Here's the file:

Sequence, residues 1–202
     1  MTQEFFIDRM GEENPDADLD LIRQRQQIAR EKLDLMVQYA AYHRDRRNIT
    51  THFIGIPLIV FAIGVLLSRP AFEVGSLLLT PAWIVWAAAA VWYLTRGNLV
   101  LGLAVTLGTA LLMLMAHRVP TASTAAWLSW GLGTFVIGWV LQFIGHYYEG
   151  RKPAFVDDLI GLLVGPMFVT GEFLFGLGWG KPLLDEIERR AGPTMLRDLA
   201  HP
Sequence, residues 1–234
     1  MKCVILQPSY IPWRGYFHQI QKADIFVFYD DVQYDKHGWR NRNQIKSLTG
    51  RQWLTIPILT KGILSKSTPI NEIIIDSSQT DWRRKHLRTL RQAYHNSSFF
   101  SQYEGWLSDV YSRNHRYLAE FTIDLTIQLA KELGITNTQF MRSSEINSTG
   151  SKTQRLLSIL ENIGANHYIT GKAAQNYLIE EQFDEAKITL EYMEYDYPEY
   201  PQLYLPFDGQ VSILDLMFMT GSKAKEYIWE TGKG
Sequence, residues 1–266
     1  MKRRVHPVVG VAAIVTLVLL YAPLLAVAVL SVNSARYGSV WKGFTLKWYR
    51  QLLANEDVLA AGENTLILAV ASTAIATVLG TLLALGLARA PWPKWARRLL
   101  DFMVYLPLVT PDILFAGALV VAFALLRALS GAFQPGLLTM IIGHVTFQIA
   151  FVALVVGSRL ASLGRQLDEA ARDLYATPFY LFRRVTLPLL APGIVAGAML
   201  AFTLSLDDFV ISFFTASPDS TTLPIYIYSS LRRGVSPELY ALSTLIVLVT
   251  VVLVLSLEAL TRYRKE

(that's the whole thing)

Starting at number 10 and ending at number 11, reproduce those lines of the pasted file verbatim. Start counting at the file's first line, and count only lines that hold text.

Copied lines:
   101  SQYEGWLSDV YSRNHRYLAE FTIDLTIQLA KELGITNTQF MRSSEINSTG
   151  SKTQRLLSIL ENIGANHYIT GKAAQNYLIE EQFDEAKITL EYMEYDYPEY